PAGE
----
That such episodic horror can be sparked off by a casual remark ('Someone called for you but they wouldn't leave their name') or any number of similar 'puzzles' seems, to those who do not suffer from it, to be absurd. Though almost everyone can experience - if they are ill, or genuinely concerned about something - similar sensations, the unprompted and 'out of the blue' loss of oneself is the curse of the few. Theorists of all stamps have suggested that 'gifted' writers, composers and artists are more open to it than most, the creative imagination having a light and dark countenance; two doors, one opens on beauty, the other upon its opposite. Melancholia perhaps, was an old term that covered such events; but the debilitating nature of the thing is rarely mentioned among those who would romanticise it. And no one who expriences it ever romanticises it. At least two or three days of one's life can be taken up and absurbed by it. Relationships can suffer, work certainly does. Poetry, its writing, significantly, seems to have an ordering or even placatory effect. Certainly there is a strong element of depression working here; but - and this is my totally untutored and unprofessional view - this is depression plus. This is the rendering of a fairly strong psyche into the psyche of a frightened and abandoned child, for whom all experience gathered in a lifetime is negated, all commonsense thrown violently aside. The sufferer is brought back to a primal experience of a dark wood in which he or she, surrounded by very possible dangers, is hyper-vigilant and scared. Just as a single word or incident can bring him there, so a word or incident can take him out of it. The dark wood can be illuminated and shown to be uninhabited merely by an authoritative voice declaring that it is safe. But that voice no longer resides internally in the sufferer. And again I must emphasise that I am not a professional in such matters, merely someone who has been in an instant, and often, thrown into the wood.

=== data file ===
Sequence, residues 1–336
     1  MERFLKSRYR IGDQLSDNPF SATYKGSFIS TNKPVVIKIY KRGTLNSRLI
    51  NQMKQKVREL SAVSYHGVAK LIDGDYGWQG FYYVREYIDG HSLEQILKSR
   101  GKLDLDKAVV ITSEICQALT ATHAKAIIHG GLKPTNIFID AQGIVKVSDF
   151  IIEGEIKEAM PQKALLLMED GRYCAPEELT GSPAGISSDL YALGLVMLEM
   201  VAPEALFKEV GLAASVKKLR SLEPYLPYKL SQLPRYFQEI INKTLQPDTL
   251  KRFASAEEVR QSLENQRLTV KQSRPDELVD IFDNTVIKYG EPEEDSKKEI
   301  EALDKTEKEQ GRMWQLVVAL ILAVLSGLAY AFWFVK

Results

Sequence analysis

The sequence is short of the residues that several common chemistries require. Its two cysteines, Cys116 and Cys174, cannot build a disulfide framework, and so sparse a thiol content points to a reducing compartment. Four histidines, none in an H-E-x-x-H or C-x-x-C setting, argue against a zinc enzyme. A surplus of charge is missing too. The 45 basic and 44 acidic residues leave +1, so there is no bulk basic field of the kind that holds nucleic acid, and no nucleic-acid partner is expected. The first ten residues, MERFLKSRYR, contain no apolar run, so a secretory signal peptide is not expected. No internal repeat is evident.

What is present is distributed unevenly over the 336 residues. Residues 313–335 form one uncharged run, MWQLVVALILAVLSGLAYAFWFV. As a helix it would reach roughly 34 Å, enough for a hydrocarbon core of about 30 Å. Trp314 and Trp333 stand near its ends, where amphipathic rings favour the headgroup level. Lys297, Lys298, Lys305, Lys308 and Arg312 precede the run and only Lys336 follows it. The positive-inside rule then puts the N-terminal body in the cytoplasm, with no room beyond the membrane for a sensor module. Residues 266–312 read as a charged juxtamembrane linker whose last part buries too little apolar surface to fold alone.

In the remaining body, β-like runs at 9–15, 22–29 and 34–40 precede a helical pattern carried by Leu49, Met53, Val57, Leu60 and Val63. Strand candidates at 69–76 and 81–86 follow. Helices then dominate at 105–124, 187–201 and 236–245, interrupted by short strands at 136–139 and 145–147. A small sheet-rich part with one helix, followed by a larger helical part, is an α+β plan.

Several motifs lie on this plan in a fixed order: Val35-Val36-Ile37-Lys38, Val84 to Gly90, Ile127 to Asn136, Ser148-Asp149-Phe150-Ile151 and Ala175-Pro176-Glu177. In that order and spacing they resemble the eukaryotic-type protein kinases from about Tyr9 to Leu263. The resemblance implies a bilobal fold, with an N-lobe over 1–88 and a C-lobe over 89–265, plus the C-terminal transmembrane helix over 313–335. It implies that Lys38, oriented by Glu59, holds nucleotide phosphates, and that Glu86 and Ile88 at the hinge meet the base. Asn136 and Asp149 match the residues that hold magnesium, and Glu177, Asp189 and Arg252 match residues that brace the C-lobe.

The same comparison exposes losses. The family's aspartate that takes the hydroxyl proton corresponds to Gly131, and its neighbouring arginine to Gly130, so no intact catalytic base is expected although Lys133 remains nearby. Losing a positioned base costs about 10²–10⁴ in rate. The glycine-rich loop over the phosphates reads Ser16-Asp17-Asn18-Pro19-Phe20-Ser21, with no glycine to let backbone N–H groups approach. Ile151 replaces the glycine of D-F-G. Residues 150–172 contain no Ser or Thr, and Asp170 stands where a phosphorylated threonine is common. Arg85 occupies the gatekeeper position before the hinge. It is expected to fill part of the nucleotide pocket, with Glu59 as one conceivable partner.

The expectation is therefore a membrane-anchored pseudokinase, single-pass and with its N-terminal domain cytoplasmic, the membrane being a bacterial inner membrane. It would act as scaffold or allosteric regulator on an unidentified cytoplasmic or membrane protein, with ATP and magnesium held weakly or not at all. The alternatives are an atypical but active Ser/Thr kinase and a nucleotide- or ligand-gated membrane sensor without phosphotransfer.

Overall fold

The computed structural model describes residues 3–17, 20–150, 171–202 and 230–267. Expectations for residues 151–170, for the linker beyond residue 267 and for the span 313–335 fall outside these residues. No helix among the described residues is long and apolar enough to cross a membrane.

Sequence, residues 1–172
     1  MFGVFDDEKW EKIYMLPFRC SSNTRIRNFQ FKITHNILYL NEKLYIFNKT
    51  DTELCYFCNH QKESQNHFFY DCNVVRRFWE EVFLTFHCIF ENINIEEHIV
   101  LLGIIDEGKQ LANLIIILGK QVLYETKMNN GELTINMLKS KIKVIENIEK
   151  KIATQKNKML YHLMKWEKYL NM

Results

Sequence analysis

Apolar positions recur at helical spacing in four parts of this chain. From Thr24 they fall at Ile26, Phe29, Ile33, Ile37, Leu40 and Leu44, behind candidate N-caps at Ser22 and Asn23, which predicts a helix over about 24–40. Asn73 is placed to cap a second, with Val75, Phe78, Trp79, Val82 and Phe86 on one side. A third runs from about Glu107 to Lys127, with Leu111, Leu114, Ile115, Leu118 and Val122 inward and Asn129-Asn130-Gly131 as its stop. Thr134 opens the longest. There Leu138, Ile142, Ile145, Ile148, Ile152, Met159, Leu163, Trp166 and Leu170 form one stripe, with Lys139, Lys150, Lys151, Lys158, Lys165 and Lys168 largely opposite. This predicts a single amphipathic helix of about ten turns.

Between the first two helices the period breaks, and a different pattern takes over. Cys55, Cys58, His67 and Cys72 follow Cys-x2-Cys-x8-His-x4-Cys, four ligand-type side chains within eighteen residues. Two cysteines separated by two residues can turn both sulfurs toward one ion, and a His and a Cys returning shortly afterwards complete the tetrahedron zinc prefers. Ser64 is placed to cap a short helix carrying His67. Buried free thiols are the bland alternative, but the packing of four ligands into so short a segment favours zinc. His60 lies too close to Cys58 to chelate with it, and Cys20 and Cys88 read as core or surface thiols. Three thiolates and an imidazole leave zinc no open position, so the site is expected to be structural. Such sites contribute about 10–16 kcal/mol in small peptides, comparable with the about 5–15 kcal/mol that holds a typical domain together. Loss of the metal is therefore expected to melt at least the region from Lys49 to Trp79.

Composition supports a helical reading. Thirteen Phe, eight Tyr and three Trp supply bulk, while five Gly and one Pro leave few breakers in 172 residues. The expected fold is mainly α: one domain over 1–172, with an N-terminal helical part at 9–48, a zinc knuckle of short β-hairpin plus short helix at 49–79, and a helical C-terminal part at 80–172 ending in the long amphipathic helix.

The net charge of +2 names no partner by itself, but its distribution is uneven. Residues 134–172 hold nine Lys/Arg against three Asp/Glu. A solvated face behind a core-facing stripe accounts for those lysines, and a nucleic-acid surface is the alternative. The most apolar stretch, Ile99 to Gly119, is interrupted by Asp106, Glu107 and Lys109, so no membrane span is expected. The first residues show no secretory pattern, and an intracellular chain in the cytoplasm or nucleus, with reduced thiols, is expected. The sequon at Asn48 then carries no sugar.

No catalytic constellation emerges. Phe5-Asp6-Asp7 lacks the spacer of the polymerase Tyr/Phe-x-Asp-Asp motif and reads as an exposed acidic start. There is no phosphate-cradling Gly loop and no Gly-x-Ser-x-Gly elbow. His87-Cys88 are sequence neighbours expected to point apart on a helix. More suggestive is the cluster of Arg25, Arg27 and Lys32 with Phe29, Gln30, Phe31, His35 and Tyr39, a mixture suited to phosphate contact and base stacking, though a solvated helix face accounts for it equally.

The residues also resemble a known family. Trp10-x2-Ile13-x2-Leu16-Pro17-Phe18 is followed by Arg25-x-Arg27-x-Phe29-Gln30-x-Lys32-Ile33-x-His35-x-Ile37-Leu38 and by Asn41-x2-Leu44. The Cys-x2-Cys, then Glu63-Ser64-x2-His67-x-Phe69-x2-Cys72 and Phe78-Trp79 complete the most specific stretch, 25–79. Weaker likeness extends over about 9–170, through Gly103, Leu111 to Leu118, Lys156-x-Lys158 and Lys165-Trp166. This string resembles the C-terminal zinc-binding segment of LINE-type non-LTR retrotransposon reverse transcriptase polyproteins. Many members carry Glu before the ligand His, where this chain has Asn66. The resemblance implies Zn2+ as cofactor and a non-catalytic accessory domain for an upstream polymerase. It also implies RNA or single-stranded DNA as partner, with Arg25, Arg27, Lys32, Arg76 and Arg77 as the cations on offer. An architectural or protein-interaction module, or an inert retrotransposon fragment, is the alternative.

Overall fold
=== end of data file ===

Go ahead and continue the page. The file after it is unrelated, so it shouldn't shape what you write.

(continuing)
There seems to be an indicator somewhere in all of this of how primitive we are, how easily the superstitious and scared-of-his-own-shadow side of ourselves can surface if the right magical word is uttered. In the midst of such nightmare I crave control, I crave the sorcerer's sword which I have lost yet which can vanquish anything. The poet has, I would venture, a vague map as to the location of the sword. It is not, in my humble view, a coincidence that I have often experienced, in the wake of an 'episode,' an extreme sadness and sense of loss. I am aware that one component of my being is strong enough, able, creative, forceful and as unlikeable as the next man. But why I can often face situations that some would find impossible, yet can succomb in a blink to outrageous and frightful fancy, I do not know. One may recite a list of terms, of definitions, and there is some comfort in that. One may amateurishly scour one's childhood for answers and assume this and that until the proverbial cows come home. Considering that in some instances it only takes someone to explain cogently and professionally, and with a laugh, that one's terrors are unfounded, to wither them away, these dark ephemera clearly do not have much substance or power of themselves. So do I invite them in?